'The rest of the story'

Radio personality Paul Harvey has built an entire career around providing "the rest of the story" on noteworthy people. It seems the obscure often proves to be more significant than the obvious.

That has proved to be the case with University of Tennessee basketball player Duke Crews. Vol coach Bruce Pearl revered the 6-7, 230-pounder from the first time he saw him play the game. Once he got Crews signed and enrolled at Tennessee, however, Pearl developed one nagging concern.

"For two or three minutes he could be Superman ... leap tall buildings in a single bound," the Vol coach noted this week. "Then, a couple of minutes into the activity, he'd feel like he didn't have his legs, didn't have the energy."

Now Pearl knows "the rest of the story." A heart condition revealed by a recent echocardiogram has been adversely affecting Crews' stamina.

"We used to think he had a hard time fighting through fatigue," his coach recalled, "and that had nothing to do with it."

Crews will be withheld from all basketball activities until doctors can pin down the extent of the problem and take steps to treat and/or correct it.

"We're just fortunate through routine testing to uncover a weakness in his heart muscle," Pearl said. "Through rest, treatment and medication, we're hoping he improves."

Crews continues to be examined by heart specialists, as the Vol coach put it, "to reaffirm what it is we have and make sure we're taking the proper steps."

Pearl suggested his players treat Crews' condition as an injury. Deep down, though, he knows this condition is far more serious than a torn ACL or a severely sprained ankle.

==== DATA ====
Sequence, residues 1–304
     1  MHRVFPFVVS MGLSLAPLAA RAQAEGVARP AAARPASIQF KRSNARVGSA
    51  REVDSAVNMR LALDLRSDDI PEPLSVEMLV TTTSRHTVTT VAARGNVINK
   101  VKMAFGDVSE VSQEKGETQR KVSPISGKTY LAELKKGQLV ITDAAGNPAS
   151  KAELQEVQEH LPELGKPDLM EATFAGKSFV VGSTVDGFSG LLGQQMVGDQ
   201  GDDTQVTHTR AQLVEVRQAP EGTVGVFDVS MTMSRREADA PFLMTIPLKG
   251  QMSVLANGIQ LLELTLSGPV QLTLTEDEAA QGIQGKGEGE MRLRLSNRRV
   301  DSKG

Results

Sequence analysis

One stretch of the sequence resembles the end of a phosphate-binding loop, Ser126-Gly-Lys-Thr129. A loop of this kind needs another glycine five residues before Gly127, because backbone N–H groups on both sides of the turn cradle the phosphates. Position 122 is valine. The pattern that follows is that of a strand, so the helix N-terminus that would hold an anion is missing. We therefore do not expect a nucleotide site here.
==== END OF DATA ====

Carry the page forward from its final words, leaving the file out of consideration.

"Obviously, on the one hand you want to treat it like an injury, but the heart is a vital organ to sustain life," the Vol coach noted. "I don't have a knee I can play ball on – haven't since I was 32 years old – but it's not a life-threatening condition. Duke's isn't at this point, but it's obviously a concern that needed to be addressed."

Fans may recall the tragic story of Hank Gathers, the Loyola Maramount basketball standout whose heart simply gave out during a game in 1990, causing him to die at the tender age of 23. The coroner ruled the cause of death to be cardiomyopathy.

There is nothing to suggest that Crews' heart condition is as severe as Gathers' but team doctors are taking the cautious approach until they know for certain. As Pearl noted: "We're fortunate we didn't have an incident that prompted us to have to take a look at this."

Tennessee's players learned of their teammates' health problem last Friday, then had to play a game Saturday night against Western Kentucky.

"I thought the team responded as well as could be expected," Pearl said. "It was a rough couple of days emotionally but I thought they responded really well."

In fact, the Vols played one of their better games. With Crews providing motivation from the bench, they put forth a very determined effort.

"I felt like Saturday night there was a greater passion to play the game," Pearl said. "There was a greater focus. I thought the chemistry was good. We really won that game as a team, and we had to really pull together."

Crews, whose passion for basketball is unsurpassed, is surely frustrated that he is unable to play at the present time. Still, he reportedly is handling the situation well.

"Duke's doing great," Pearl said. "His spirits are really high."

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